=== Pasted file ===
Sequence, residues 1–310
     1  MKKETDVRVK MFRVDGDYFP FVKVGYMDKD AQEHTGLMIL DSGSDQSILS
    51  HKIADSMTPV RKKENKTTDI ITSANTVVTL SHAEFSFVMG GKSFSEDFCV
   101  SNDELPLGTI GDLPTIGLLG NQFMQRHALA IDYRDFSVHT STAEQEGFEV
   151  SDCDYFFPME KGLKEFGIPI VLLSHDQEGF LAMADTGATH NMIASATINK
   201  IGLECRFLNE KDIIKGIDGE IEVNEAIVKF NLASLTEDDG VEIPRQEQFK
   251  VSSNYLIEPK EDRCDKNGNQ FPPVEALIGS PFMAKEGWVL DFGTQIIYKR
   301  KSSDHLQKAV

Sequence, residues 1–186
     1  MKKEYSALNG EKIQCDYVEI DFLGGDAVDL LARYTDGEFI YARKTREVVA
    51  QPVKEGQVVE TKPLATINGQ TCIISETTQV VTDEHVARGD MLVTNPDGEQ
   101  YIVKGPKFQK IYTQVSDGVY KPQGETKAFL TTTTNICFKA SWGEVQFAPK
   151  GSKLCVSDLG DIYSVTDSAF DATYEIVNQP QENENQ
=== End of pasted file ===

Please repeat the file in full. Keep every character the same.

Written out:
Sequence, residues 1–310
     1  MKKETDVRVK MFRVDGDYFP FVKVGYMDKD AQEHTGLMIL DSGSDQSILS
    51  HKIADSMTPV RKKENKTTDI ITSANTVVTL SHAEFSFVMG GKSFSEDFCV
   101  SNDELPLGTI GDLPTIGLLG NQFMQRHALA IDYRDFSVHT STAEQEGFEV
   151  SDCDYFFPME KGLKEFGIPI VLLSHDQEGF LAMADTGATH NMIASATINK
   201  IGLECRFLNE KDIIKGIDGE IEVNEAIVKF NLASLTEDDG VEIPRQEQFK
   251  VSSNYLIEPK EDRCDKNGNQ FPPVEALIGS PFMAKEGWVL DFGTQIIYKR
   301  KSSDHLQKAV

Sequence, residues 1–186
     1  MKKEYSALNG EKIQCDYVEI DFLGGDAVDL LARYTDGEFI YARKTREVVA
    51  QPVKEGQVVE TKPLATINGQ TCIISETTQV VTDEHVARGD MLVTNPDGEQ
   101  YIVKGPKFQK IYTQVSDGVY KPQGETKAFL TTTTNICFKA SWGEVQFAPK
   151  GSKLCVSDLG DIYSVTDSAF DATYEIVNQP QENENQ